As he designs and build a walnut chair in his signature RB line for the Architectural Digest show, woodworker Scott McGlasson's costs for manufacture and marketing are profiled with unusual thoroughness in the New York Times. His aim is to make a chair that will sell, at a profit, for $1,600.

Correspondent Michael Tortorello identified all the pain points McGlasson experiences in operating Woodsport woodshop in St. Paul, MN: cost of materials, cost of marketing, overhead, time to build and assemble. And the endless internal battle with maintaining the integrity of the process. 

Once he develops this chair, McGlasson will spend $5,800 for a 100 sq.ft. exhibit for that and other items at the Architectural Digest Home Design Show (it opens March 19 in New York City). Developing the chair took him 40 hours. It used $250 in materials. McGlasson estimates his time at $85 an hour.

Though he works in walnut, McGlasson saves by buying fallen urban trees and helping with the milling. While walnut in his market runs $6 to $8 a foot, a local mill, Triple V, mills trees McGlasson brings in for a quarter of that price, the newspaper reports.

McGlasson rents his 5,800 square foot woodshop for $2,000 a month. So all told the development of the first prototype chair took 40 hours, and cost $5,250. Should he receive orders and it moves into production, McGlasson plans on spending just 20 hours building the chair - and selling it for $1,600.

The correspondent's recount suggests integrity is compromised by employing machinery. But Glasson doesn't see it that way. He swears by a Timesaver belt sander, that literally saves time. He uses a Festool Domino to punch the holes in hundreds of small tiles to be strung across the chair on a web rope.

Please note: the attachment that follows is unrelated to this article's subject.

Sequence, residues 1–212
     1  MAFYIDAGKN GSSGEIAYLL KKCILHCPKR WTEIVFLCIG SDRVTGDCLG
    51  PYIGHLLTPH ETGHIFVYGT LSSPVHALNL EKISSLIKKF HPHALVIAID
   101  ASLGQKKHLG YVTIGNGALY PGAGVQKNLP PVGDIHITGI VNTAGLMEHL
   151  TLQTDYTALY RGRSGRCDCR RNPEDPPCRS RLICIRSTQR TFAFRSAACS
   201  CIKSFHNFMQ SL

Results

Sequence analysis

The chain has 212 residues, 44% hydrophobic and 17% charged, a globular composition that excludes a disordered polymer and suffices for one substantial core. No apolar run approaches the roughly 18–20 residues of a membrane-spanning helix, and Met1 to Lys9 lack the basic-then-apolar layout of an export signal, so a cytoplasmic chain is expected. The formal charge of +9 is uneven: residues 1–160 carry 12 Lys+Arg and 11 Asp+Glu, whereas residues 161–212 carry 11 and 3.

In the case at hand, McGlasson is trying to build a chair that will match the style of his RB line, in which he threads together drilled tiles of wood on a web of rope strung across the chair frame. He employed that approach for a chaise lounge selling for $8,900; and for an Easy Chair selling for $3,200. Now he extends it to the newly designed chair. 

 

Woodsport is an independent woodcraft studio based in the Twin Cities. Mixing traditional techniques with an experimental approach, Woodsport creates original, heirloom quality furniture and accessory pieces for residential, corporate, and institutional clients. Working principally in American hardwoods, designer & craftsman Scott McGlasson creates each piece by hand in our St. Paul studio. Pieces can be purchased at the fine craft and furniture shows we attend nationally, from select galleries, and directly from our studio. Feel free to contact us about upcoming events and availability of pieces.

"My work has a strong modern aesthetic and the highest level of craftsmanship highlighting the natural materials. Design influences range from mid-century modernism to industrial components to Shaker principles. My designs typically start from a simple form, which I then bend, laminate, join, turn, shape, color to make pieces that are unique and exciting while still adhering to principles of simplicity and utility. I relish subtle details that are executed with perfect craftsmanship. I love mixing modern with rustic, balancing clean lines with something rough, jagged or naturally distressed."

Have something to say? Share your thoughts with us in the comments below.